Technology is only becoming more advanced by the year, from sophisticated databases to increasingly mobile working opportunities. Therefore, the future of effective leadership has, by default, become synonymous with tech savviness. This ongoing adaptation will come naturally for some leaders, but for others, the pace of it all can seem daunting. 

If you fall into the latter group, it is crucial to take the necessary steps to broaden and diversify your tech knowledge; this, in turn, will set an ambitious standard for your workplace. Here are a few quick tips to hit the ground running. 

Avoid self-deprecation

Modern workplace technology, like many aspects of business leadership, is an easy path to toxic self-deprecation if left unchecked; its numerous layers and complexities can create a mindset of self-doubt and inferiority — especially when referenced in comparison to other, more tech-stable competitors. Before you even blueprint ideas for technological change, be sure to address these mental hurdles, identifying that you, the leader, must embody confidence and optimism to shift the broader company culture around the changes in question.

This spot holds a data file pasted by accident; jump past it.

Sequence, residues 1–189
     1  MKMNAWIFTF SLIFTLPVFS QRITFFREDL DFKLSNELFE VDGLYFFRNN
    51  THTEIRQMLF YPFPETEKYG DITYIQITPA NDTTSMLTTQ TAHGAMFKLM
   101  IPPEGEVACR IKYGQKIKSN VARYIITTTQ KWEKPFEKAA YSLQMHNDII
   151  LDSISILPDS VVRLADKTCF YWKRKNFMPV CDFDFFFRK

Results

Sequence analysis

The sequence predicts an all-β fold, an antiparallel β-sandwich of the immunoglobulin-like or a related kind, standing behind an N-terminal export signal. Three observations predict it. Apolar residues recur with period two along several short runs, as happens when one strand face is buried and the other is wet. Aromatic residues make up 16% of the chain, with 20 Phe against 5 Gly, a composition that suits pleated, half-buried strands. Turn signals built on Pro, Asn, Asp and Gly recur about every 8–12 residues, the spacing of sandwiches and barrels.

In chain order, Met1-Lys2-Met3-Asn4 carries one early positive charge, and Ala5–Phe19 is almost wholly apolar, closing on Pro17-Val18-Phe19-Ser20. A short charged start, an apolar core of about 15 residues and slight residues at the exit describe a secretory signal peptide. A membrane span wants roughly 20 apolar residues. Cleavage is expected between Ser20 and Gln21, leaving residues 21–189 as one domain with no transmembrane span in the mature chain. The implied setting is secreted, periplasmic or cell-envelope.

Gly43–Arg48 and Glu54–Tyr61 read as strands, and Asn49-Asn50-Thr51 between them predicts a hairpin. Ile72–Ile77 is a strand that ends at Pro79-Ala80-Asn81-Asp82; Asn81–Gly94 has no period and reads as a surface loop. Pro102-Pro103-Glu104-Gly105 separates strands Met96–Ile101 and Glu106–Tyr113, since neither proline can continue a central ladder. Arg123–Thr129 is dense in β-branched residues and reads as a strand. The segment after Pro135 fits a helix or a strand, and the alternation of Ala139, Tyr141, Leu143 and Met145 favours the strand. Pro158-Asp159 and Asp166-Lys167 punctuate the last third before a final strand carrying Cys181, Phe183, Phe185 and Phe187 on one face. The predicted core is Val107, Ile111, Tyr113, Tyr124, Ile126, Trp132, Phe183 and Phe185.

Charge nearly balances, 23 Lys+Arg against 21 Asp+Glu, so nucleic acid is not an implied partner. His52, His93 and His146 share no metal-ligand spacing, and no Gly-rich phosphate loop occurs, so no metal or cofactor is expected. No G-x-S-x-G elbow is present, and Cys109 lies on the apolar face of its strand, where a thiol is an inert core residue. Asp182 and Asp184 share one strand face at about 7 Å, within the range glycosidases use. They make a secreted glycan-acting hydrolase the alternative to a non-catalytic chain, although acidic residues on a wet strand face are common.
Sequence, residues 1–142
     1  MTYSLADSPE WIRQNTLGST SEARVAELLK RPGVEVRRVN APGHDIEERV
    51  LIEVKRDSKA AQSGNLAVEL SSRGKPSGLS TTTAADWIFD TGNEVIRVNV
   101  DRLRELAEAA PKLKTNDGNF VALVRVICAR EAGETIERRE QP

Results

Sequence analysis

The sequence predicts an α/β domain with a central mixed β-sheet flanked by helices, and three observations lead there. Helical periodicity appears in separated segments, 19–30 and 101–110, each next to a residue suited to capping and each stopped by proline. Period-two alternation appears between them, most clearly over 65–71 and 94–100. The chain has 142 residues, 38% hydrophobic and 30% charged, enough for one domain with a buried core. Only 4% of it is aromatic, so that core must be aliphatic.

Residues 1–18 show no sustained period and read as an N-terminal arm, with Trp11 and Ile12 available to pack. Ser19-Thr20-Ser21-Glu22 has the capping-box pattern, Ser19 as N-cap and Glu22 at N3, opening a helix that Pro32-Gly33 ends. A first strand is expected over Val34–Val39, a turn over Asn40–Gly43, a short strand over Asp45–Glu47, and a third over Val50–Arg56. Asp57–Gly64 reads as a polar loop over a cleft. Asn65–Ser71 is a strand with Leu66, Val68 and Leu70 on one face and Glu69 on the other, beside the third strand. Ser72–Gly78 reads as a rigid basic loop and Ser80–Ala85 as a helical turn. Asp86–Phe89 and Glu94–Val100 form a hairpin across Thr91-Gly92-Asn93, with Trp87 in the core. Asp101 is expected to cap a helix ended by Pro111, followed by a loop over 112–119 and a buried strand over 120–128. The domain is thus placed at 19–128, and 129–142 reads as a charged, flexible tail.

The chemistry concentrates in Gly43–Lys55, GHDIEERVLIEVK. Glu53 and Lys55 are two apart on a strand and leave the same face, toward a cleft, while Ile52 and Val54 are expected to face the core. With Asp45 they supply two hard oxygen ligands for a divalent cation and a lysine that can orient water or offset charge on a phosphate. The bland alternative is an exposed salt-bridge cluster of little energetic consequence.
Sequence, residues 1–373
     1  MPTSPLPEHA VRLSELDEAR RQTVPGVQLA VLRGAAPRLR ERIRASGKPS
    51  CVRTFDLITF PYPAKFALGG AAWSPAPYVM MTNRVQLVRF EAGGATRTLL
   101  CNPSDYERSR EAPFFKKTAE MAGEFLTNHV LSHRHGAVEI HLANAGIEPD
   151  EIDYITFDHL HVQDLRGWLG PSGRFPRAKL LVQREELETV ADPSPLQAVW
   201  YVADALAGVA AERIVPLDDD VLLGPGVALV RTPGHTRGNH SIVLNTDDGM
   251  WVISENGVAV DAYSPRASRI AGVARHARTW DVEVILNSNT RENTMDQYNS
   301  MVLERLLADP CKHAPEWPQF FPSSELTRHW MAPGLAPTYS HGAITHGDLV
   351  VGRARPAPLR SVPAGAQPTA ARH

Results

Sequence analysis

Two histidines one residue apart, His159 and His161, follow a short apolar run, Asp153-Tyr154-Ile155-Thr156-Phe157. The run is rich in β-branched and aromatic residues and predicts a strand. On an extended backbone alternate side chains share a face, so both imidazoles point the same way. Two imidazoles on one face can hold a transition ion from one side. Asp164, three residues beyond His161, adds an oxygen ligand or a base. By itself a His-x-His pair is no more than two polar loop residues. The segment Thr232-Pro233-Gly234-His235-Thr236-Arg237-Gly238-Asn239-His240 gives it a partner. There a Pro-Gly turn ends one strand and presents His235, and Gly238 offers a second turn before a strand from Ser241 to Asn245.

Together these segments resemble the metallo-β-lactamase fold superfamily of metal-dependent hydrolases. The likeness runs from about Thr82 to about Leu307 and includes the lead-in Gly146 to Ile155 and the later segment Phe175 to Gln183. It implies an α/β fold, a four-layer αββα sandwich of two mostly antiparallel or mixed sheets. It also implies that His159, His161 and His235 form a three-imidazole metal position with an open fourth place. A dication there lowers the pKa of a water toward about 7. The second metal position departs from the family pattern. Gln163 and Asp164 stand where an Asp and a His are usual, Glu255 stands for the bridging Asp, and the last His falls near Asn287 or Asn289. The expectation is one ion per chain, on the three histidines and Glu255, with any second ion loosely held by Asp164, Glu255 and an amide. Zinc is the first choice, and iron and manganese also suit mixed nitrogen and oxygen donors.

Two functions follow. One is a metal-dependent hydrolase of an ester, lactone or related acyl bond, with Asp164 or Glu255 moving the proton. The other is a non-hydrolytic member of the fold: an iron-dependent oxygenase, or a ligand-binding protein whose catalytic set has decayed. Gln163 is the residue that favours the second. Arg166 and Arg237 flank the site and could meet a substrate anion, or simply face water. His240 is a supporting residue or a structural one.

Identify a need

A company can thrive as a result of technological innovation, but it can also suffer setbacks if this innovation is contrived or unnecessary. The latter is a common, albeit avoidable tragic flaw for many of today’s aspiring businesses; they invest heavily in technologies or advancements that end up doing more harm than good. 

To avoid such catastrophes, invest instead in proper planning and internal auditing, taking all existing deficiencies, inconveniences, and outdated functionalities into account when plotting a list of potential changes. For instance, if cybersecurity is a ticking time bomb in your company’s current layout, it may be time to add a new cloud-based storage infrastructure to brace for breaches and secure crucial company data. 

Take risks

Since much of prevailing technology remains amorphous or untapped, risk taking has become pivotal in driving change and disrupting what is stagnant. To remain consistent with this notion, strive to become a more risk-oriented leader when applicable or constructive, empowering your workers to explore innovative, unconventional ideas that may benefit the company at large. “The digital age does not wait for perfection,” so occasional leaps into the technological unknown must be normalized and expected.